China is in the early stages of developing a resort, museum and helipad on the Tibetan Everest Base Camp. Has the commercialisation of the world’s highest mountain gone too far?
Climbing Mount Everest is a challenge for many a mountaineer, thrill-seeker and individual hoping to pit themselves against the elements on the world’s most famous mountain.
Part of Everest’s attraction is the desire to get away from the everyday world. Instead of the demands of day to day life, you are thrust into an environment where your biggest concerns are staying safe and alive, and hopefully making it to the top.
So it’s unwelcome news that the Chinese authorities are planning to open a full-scale resort. The resort will feature a hotel, museum and helipad in Gangkar, near the Tibetan Base Camp. The 100-million yuan project has been sold as an ‘international mountaineering centre’. Its objective? To increase tourism to the Tibetan side of Everest.
Many people have argued that Everest has become increasingly commercialised in recent years. More and more people are taking on the ascent to the top. Significantly more doing the gruelling treks to (the Nepalese and Tibetan) base camps. The announcement has already been largely met with scepticism from the international climbing community. The question of how difficult it is to climb Mount Everest never goes away.
Scepticism aside, there are arguably potential advantages to this project. One is a boost in the Tibetan economy as a result of increased employment. The helipad should make rescue missions faster and more efficient and allow for a better risk assessment for climbers. It’s argued that the resort will provide some much-wanted convenience for climbers, who will have access to equipment and supplies, medical care and a place to stay. Whether that convenience is wanted is a question in itself. In taking away the challenge of getting to base camp, does it not reduce the achievement of having been there?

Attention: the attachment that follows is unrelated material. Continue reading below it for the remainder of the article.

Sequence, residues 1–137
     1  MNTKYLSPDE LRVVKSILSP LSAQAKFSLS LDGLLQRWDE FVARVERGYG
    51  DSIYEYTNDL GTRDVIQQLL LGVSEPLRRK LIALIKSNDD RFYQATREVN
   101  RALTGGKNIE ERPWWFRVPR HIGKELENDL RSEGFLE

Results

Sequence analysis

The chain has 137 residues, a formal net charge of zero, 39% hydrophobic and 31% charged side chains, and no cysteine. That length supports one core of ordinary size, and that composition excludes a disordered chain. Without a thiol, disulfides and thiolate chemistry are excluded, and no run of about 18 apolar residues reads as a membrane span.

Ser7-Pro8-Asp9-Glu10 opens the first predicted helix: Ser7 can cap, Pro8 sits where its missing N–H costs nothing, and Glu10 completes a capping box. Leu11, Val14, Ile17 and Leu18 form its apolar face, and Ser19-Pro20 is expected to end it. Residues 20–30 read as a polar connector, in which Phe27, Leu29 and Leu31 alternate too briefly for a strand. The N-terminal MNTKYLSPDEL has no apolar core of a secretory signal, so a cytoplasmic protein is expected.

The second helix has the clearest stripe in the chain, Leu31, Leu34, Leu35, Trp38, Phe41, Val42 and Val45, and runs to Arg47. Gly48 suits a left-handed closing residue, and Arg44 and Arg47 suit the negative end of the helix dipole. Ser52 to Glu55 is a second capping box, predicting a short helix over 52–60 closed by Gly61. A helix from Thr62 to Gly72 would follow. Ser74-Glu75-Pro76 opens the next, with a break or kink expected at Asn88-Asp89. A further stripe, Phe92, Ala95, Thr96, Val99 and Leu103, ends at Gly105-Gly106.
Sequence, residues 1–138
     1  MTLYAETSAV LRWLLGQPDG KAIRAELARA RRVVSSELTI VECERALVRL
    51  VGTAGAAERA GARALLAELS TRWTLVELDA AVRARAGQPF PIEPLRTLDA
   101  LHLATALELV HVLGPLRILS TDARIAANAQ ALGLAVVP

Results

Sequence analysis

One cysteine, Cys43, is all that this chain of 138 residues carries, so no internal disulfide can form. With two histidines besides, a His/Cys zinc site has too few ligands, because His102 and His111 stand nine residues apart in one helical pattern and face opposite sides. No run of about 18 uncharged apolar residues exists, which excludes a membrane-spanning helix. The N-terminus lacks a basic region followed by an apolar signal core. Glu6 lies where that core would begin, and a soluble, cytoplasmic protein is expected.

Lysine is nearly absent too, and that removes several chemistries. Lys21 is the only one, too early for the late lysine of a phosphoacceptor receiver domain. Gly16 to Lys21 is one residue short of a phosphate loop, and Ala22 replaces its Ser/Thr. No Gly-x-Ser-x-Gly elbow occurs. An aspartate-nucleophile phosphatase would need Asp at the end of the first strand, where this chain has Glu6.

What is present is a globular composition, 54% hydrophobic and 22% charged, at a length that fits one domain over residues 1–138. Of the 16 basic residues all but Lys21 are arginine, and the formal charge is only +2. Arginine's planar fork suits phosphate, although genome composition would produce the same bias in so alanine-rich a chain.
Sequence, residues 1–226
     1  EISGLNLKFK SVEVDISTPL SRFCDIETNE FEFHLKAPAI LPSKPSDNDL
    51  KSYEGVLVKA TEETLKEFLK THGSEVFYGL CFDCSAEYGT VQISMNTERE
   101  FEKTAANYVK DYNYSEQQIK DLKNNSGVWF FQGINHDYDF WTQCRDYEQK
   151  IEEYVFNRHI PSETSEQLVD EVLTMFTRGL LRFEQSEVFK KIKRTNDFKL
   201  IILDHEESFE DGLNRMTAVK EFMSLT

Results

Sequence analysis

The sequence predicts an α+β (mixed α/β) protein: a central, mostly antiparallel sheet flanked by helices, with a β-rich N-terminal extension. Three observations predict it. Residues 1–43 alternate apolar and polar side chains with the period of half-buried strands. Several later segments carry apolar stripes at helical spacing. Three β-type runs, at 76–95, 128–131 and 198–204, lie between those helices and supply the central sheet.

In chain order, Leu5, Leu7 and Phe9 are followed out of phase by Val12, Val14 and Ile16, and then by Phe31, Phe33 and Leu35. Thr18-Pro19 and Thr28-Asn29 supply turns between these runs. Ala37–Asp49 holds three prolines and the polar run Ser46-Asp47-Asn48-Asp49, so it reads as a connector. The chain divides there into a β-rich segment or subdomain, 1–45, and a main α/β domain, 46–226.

Other worries include whether this transformation of Everest to a tourist attraction will uproot the sanctity and the respect that has been built between the Tibetan people and climbing community.
Not to mention the concern that the construction and general maintenance of the resort will damage the ecosystem of Tibet. More specifically, of the mountain itself. The plan is that the resort leads to an influx of tourists. This leads to the feasible risk of more inexperienced climbers in danger of being 5,380 metres above sea level without the correct skills or experience.
We live in an age where everything is accessible, from information to nature. Chinese authorities have seen a lucrative business opportunity in Everest’s peaks. Is this adventure tourism gone too far? Will it work? Only time will tell.